An Employment Tribunal has rejected a former employee’s claim against BT, where he argued that he was dismissed as a result of performance improvement plans that were age discriminatory.
Mr Gheasuddin was an employee at BT for just under 29 years. In 2001 he was promoted to a managerial role and in 2013 he was made a front office team manager. Each year, Mr Gheasuddin was subject to a performance review system and across 2012 to 2014, he was meeting the required standards.
Issues started to arise in the 2014/2015 year, when BT began a concerted effort to change the culture of the firm by focusing on developing the coaching and team managing skills of newly promoted managers. That year, Mr Gheasuddin received a ‘development needed’ performance review. A performance improvement plan (PIP) was implemented that set out a coaching plan and meetings with a meritocracy coach, Ms Shakespeare. At the end of the PIP, Mr Gheasuddin’s line manager Mr Wright determined there had been no improvement and an unsatisfactory performance review for 2015/2016 was given.
A second PIP took place, but yet again no improvement was recorded. Mr Gheasuddin was asked to attend a capability hearing and was subsequently dismissed from his position for failing to understand or acknowledge the importance of BT leadership capabilities. Mr Gheasuddin was 55 at the time of the dismissal.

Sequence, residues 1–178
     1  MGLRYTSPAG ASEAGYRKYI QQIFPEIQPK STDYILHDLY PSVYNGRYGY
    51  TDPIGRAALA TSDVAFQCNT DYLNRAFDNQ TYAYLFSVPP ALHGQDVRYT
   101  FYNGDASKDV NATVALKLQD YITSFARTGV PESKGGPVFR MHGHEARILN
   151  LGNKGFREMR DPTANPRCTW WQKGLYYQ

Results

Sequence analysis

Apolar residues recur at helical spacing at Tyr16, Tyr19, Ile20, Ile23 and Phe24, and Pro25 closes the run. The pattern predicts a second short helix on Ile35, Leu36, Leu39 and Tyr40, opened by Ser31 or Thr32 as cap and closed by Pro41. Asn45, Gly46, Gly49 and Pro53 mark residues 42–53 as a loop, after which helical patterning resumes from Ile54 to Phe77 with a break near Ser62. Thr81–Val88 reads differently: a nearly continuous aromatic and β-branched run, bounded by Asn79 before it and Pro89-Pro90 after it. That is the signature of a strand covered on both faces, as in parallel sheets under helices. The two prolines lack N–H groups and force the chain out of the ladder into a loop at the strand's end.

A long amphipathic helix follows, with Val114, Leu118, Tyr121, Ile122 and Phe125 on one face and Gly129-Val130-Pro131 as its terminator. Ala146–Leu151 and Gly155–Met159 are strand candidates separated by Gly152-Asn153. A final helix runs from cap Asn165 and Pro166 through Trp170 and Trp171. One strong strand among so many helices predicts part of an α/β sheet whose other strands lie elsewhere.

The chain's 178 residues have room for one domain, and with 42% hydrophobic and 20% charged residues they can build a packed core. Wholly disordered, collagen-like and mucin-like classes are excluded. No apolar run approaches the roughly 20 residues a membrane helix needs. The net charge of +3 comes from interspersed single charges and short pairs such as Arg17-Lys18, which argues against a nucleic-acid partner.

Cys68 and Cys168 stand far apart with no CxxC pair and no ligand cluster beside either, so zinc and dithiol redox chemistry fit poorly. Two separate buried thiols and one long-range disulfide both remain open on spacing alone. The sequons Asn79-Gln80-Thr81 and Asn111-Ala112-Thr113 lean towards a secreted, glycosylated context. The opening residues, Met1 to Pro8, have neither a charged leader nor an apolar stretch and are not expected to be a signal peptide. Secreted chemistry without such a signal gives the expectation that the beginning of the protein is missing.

Mr Gheasuddin did not raise the issue of age until in front of the Tribunal, where he produced evidence of potential age discrimination in the form of BT documents and witness evidence.
In certain BT spreadsheet documents, age was used as an identifier when looking at performance and a witness, Ms McHugh, stated that an “aggressive” form of performance review was in place at BT that showed a pattern of lower marks for older workers. On the basis of that evidence, Mr Gheasuddin claimed that he been targeted for a PIP because he was over 50 and had been set a more rigorous standard because of his age.
The Tribunal noted that the documentary evidence and Ms McHugh’s evidence suggested that there were factors in play in BT’s performance processes that might have led to conscious or subconscious age discrimination. As such the burden of proof shifted to BT to provide an explanation.
Disproving the burden
Mr Gheasuddin’s former line manager Mr Wright stated he was under no pressure to force the distribution of his performance ratings. A clear explanation was given to Mr Gheasuddin at each stage of the PIP on where he was failing. It was stated that whilst he had always been delivering targets, what was required had changed since the culture shift.
The Tribunal had sympathy for Mr Gheasuddin but recognised BT had enforced a company-wide change, to which he was expected to adjust his style of management. It was also held that Mr Gheasuddin had considerable support to facilitate that adjustment.
The Tribunal therefore rejected Mr Gheasuddin’s claim, stating that the performance management process and the dismissal were not based on age discrimination.
Mr A Gheasuddin v British Telecommunications Plc, 16 June 2017, Case Number: 2302777/2016